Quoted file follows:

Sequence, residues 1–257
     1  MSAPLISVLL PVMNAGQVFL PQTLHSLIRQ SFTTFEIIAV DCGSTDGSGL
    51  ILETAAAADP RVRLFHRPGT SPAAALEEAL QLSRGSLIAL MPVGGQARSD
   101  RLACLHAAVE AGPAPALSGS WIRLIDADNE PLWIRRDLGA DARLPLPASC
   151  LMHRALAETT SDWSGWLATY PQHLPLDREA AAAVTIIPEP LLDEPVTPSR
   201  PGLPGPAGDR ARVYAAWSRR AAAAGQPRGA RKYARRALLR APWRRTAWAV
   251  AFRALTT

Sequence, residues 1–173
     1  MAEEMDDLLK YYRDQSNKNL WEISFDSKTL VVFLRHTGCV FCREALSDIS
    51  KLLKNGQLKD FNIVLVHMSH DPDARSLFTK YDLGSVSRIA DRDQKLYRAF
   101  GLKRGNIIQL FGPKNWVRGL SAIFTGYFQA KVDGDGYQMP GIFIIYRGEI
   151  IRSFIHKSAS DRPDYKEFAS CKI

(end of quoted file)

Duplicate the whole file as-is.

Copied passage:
Sequence, residues 1–257
     1  MSAPLISVLL PVMNAGQVFL PQTLHSLIRQ SFTTFEIIAV DCGSTDGSGL
    51  ILETAAAADP RVRLFHRPGT SPAAALEEAL QLSRGSLIAL MPVGGQARSD
   101  RLACLHAAVE AGPAPALSGS WIRLIDADNE PLWIRRDLGA DARLPLPASC
   151  LMHRALAETT SDWSGWLATY PQHLPLDREA AAAVTIIPEP LLDEPVTPSR
   201  PGLPGPAGDR ARVYAAWSRR AAAAGQPRGA RKYARRALLR APWRRTAWAV
   251  AFRALTT

Sequence, residues 1–173
     1  MAEEMDDLLK YYRDQSNKNL WEISFDSKTL VVFLRHTGCV FCREALSDIS
    51  KLLKNGQLKD FNIVLVHMSH DPDARSLFTK YDLGSVSRIA DRDQKLYRAF
   101  GLKRGNIIQL FGPKNWVRGL SAIFTGYFQA KVDGDGYQMP GIFIIYRGEI
   151  IRSFIHKSAS DRPDYKEFAS CKI